It might. It depends on the amount of money you earned before you became disabled and the amount of your workers' compensation and Social Security benefits. If you get both Social Security and Workers' Compensation benefits for the same period of time, the two benefits added together can not equal more than 80% of your usual earnings before you became disabled. If the two benefits added together would be over the 80% limit, your Social Security benefits will be reduced.
What happens if I settle my workers' compensation case for a lump sum?
If your Social Security benefits are reduced because of workers' compensation, this reduction will not automatically end after a lump sum settlement with workers' compensation. Even though you receive the lump sum workers' compensation settlement as a one time payment, Social Security does not treat it that way. Instead, Social Security considers that you are continuing to get workers' compensation payments at the same weekly rate until the total amount of your lump sum settlement has been exhausted. For this reason, your Social Security benefit may continue to be reduced for a number of years after your lump sum settlement with workers' compensation.
If I get Social Security Disability benefits will I have to repay other benefits I have received?
You might. The answer depends on the type of benefits you received.
If you received New York State Workers' Compensation benefits you will not have to repay those benefits if you win your Social Security Disability case. However, you may receive less Social Security Disability benefits because of workers' compensation. See questions 17 and 18 above.
Long Term Disability. Your rights under a long term disability policy depend upon the specific provisions of your policy. Most long term disability policies provide that you are required to repay long term disability benefits (except for a small minimum monthly payment) if you win your Social Security Disability case.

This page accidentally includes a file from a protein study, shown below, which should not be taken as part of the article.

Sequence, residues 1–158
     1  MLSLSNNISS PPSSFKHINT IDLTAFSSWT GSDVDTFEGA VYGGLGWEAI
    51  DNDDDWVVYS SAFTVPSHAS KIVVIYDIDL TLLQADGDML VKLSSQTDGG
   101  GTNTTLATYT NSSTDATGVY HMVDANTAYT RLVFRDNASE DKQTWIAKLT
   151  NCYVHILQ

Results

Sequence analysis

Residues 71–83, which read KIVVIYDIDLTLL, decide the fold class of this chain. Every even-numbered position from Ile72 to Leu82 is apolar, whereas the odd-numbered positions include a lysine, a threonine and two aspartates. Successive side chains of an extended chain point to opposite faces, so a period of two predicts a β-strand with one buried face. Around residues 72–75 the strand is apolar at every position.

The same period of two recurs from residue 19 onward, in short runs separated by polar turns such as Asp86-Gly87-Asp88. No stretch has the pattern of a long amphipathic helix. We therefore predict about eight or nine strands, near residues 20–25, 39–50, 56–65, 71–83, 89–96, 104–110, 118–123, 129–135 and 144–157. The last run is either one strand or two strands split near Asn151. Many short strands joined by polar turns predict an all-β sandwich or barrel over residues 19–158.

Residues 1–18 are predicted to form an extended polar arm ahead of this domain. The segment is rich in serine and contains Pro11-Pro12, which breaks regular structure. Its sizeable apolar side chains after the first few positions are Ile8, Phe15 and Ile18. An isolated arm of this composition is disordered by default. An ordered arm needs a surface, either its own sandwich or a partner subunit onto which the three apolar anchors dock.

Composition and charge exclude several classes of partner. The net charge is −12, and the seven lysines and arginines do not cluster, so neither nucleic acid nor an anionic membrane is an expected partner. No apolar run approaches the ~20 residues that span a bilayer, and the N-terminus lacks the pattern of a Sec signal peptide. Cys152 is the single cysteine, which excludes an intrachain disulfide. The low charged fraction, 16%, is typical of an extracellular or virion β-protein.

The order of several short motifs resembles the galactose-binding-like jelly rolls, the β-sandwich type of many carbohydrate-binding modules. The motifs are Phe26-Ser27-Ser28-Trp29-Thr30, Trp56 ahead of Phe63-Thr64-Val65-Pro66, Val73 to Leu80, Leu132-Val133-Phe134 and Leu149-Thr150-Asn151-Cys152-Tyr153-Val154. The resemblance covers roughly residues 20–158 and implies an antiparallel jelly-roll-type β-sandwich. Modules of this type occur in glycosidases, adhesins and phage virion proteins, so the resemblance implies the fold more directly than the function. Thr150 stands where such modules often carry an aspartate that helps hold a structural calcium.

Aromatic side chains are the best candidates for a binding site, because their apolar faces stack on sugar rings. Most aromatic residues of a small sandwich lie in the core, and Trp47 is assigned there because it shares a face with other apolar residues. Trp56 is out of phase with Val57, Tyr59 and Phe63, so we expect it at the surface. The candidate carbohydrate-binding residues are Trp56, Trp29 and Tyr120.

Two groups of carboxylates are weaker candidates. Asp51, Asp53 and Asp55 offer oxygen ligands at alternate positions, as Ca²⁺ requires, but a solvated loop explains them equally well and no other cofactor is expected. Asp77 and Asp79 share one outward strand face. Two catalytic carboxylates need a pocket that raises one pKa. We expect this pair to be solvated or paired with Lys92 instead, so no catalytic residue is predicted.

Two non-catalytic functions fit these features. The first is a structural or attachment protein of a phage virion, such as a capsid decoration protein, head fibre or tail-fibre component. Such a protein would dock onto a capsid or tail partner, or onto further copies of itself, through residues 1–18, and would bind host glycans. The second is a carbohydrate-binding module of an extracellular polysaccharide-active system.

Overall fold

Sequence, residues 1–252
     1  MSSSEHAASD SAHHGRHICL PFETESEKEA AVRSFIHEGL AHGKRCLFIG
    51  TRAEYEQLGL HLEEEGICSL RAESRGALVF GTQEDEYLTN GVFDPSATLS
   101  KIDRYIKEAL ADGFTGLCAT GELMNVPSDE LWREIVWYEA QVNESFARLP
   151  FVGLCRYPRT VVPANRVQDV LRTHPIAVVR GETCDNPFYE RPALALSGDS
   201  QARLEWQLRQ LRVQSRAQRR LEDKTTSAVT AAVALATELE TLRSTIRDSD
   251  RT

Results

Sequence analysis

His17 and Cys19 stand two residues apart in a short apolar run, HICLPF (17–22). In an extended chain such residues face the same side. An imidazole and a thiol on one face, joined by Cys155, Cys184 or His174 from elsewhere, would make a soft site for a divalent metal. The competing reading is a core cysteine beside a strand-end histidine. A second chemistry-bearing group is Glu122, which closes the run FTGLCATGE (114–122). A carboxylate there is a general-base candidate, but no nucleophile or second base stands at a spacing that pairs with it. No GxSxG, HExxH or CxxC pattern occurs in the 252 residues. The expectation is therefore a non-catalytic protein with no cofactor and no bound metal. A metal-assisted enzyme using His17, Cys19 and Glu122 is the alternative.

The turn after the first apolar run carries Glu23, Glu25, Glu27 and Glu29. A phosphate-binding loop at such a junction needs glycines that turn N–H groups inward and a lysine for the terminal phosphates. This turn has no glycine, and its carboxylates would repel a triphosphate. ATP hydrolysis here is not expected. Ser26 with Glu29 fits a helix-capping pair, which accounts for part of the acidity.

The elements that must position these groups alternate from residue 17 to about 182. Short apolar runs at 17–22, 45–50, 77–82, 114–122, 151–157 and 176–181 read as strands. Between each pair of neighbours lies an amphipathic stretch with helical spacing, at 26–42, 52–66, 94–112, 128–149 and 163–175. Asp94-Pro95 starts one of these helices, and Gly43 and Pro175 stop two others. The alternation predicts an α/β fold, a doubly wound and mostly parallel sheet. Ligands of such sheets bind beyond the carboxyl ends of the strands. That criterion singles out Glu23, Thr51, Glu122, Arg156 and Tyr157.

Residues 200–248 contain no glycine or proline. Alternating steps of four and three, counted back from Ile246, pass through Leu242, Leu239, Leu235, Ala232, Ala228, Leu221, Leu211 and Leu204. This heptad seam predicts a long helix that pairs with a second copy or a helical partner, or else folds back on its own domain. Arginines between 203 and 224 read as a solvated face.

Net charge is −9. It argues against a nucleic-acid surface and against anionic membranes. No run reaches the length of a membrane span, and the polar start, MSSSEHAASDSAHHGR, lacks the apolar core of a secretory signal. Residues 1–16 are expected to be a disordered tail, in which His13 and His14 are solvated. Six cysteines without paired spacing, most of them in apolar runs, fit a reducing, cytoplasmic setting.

Public Assistance from the New York State Department of Social Services. You will be required to repay the amount of any public assistance you received during the time that you are entitled to Social Security Disability benefits.
No Fault Insurance Benefits in New York State. If your disability is related to injuries you sustained in a motor vehicle accident and you received NYS No Fault Insurance benefits because of that accident, you will be required to repay the amount of those benefits you received during the time you are entitled to Social Security Disability benefits.
How much is your fee?
Our fee will be 25% of any past due benefits resulting from your claim, or, if less, the maximum dollar amount (currently $6,000.00) allowed by SSA based on the date the SSA approves our fee agreement.
Does the representative fee include your expenses?
No, our representation agreement provides that the money we pay out in the course of handling your file (such as the cost of medical records and reports) is in addition to the representative fee. We will give you a detailed invoice at the end of your claim showing the exact amount we paid on your behalf. We will request payment at that time. Payment is due whether you are awarded benefits or not. We will send your medical records to you once payment is received.